On March 23rd, 1983, just 36 years ago to the day, President Ronald Reagan announced from the White House that he had initiated a Strategic Defence Initiative (SDI). The proposed system was designed to protect the United States from intercontinental and submarine-launched missiles. Its significance was its move away from deterrence to a defensive capability. The prevailing policy, called "Mutual assured destruction" (MAD), was designed to convince a would-be attacker that they, too, would be destroyed by a retaliatory strike from their opponents.
SDI was something new. It would use a dazzling array of new technologies to detect and destroy incoming missiles. The advanced weaponry that would have to be developed included lasers, x-ray lasers, particle-beam weapons, and space-based missiles to supplement ground-launched ones. President Reagan suggested that it could remove the ever-present threat of nuclear annihilation from the lives of Americans.
The revolutionary concept was widely attacked, chiefly because of the instability it brought to a world that had learned to live with the nuclear stalemate. It was derided as "fantasy by some." They dubbed it "Star Wars," claiming that the technology to implement it could never be gained. Other people, and often the same people, warned of its dangers, claiming that it could be a first strike weapon, tempting an invincible America to attack without fear of retaliation. This was like listing a shield as a first strike weapon because it could allow its bearer to throw spears with impunity.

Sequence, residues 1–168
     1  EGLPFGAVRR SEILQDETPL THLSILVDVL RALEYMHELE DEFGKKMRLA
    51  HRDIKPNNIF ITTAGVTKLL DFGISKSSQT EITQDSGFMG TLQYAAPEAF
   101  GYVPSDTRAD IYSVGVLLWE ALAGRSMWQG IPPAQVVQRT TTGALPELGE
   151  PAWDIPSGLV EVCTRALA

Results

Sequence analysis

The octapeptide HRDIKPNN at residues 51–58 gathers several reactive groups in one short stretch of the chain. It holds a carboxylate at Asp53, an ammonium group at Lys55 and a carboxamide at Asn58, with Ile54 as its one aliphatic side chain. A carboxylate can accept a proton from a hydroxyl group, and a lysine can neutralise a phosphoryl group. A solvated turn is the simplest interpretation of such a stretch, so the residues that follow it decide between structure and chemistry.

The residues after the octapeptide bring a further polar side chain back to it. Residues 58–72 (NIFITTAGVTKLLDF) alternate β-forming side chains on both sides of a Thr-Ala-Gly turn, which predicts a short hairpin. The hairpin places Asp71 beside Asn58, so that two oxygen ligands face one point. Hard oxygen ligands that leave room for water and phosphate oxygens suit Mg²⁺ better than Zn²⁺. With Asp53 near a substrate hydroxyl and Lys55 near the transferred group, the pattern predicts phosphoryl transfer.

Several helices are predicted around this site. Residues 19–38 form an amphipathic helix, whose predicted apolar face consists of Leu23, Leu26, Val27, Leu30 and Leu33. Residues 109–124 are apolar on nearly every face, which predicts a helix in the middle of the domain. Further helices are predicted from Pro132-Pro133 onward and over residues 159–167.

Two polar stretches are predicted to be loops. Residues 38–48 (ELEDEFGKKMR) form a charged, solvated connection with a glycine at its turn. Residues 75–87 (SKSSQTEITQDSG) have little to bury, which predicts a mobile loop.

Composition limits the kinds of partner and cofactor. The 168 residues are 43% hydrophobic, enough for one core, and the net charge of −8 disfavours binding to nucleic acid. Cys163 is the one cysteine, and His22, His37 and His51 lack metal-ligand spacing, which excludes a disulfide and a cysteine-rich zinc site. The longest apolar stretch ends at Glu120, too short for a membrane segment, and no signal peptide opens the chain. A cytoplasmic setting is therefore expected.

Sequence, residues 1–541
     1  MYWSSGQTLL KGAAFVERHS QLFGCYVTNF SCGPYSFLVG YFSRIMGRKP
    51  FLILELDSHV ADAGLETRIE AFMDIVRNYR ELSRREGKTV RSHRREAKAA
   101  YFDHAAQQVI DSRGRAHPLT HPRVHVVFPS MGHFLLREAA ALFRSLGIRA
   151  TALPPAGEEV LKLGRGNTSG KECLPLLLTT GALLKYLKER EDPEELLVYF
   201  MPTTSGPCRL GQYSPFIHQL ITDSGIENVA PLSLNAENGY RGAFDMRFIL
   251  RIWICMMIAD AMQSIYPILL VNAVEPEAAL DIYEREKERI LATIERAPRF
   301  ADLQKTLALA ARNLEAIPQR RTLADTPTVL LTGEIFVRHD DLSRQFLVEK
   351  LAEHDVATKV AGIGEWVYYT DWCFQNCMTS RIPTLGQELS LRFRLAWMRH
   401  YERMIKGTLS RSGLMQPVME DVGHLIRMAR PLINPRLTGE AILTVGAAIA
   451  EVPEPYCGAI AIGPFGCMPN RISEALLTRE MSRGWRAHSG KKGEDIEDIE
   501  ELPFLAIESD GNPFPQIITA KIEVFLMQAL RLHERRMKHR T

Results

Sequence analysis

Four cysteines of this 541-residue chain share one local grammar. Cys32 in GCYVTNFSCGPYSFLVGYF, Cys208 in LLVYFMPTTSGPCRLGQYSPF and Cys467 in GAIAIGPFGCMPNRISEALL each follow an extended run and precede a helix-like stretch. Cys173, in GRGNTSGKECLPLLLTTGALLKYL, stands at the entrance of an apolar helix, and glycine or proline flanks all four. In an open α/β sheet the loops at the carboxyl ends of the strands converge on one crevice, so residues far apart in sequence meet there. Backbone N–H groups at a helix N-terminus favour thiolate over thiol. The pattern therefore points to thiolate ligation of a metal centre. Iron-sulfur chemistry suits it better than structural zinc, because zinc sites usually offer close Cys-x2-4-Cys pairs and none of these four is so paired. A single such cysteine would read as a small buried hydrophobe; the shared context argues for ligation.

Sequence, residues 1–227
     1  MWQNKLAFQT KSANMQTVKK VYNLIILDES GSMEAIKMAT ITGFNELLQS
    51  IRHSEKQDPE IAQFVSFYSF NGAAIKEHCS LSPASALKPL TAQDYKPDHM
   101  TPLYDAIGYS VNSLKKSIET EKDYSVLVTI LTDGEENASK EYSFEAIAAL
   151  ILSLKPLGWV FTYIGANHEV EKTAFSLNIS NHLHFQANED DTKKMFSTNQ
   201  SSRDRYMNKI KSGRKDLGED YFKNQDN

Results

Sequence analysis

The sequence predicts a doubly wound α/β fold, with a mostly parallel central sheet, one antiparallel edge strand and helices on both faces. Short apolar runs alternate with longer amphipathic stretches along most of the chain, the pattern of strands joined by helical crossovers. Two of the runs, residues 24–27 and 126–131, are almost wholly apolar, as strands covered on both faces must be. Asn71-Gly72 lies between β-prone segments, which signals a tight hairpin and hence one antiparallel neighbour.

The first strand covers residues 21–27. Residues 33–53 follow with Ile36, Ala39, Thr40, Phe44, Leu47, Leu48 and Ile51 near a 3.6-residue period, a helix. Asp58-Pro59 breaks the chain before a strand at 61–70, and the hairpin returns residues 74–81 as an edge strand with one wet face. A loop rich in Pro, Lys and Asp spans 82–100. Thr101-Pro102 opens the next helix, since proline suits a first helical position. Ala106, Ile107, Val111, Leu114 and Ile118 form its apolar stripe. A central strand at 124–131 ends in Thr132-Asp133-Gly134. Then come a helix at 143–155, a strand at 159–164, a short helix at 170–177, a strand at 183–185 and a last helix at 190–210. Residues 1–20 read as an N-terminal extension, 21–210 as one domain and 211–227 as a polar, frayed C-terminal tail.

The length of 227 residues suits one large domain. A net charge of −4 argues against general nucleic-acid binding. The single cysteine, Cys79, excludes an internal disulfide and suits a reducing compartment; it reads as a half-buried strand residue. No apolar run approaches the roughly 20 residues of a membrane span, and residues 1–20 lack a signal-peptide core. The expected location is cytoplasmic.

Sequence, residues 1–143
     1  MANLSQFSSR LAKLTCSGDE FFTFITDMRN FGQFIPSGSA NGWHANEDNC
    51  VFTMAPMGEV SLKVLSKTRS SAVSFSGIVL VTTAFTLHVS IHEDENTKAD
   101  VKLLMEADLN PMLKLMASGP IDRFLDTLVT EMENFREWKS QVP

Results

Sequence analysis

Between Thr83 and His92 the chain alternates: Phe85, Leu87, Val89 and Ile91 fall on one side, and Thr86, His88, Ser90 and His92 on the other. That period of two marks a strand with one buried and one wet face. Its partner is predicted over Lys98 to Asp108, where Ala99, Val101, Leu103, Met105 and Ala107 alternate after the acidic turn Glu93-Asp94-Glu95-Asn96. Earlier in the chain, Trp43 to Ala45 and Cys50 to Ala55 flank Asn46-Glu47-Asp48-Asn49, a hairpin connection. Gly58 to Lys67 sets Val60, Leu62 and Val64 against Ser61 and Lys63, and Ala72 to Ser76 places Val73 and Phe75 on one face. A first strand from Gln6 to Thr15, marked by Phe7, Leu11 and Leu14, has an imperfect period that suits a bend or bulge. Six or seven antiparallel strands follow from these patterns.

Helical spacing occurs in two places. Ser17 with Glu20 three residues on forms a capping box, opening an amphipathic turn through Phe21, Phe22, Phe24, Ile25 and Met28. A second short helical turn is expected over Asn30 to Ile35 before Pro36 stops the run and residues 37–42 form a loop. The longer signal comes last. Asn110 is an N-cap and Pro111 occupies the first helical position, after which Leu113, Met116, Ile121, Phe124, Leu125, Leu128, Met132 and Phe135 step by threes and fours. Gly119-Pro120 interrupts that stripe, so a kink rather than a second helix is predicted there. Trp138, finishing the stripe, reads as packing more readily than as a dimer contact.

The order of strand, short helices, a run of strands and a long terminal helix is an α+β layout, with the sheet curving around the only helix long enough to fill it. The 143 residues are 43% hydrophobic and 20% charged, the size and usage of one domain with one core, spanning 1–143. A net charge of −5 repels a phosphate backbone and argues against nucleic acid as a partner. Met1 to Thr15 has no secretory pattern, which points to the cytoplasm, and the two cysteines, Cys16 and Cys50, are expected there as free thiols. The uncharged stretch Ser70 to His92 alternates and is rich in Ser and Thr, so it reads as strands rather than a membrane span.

Despite the orchestrated chorus of derision from the left-leaning media of the time, Reagan pressed ahead, funding the research and development of many of the systems the SDI would need to incorporate. The Soviet Union made it a top priority to prevent such a system from being deployed. The 1986 summit in Reykjavik between Reagan and Gorbachev ended without agreement because abandoning SDI was top of the Soviet priorities, and it was the one thing Reagan would not give up. Thus agreement failed because of what many insisted was a "fantasy."
In fact Reagan's advisers had been briefed, pre-summit, by Oleg Gordievsky, who had been KGB Bureau Chief in London while secretly working for the British. He had been party to top Soviet thinking, and told the American team to hold fast on SDI because it would ultimately break a Soviet Union unable to compete economically and technologically with such a project. Even without SDI, the huge proportion of the Soviet budget allocated to the military had deprived its civilian sector of funds for investment. Its economy could not cope with a space arms race.
Within a few years Gordievsky's prediction was confirmed. The Communist empire collapsed in 1989. The Berlin Wall came down, and the Soviet Union was dissolved shortly afterwards. If it was, indeed, "a fantasy," and "never more than a graphic," the Strategic Defence initiative became the graphic that changed history.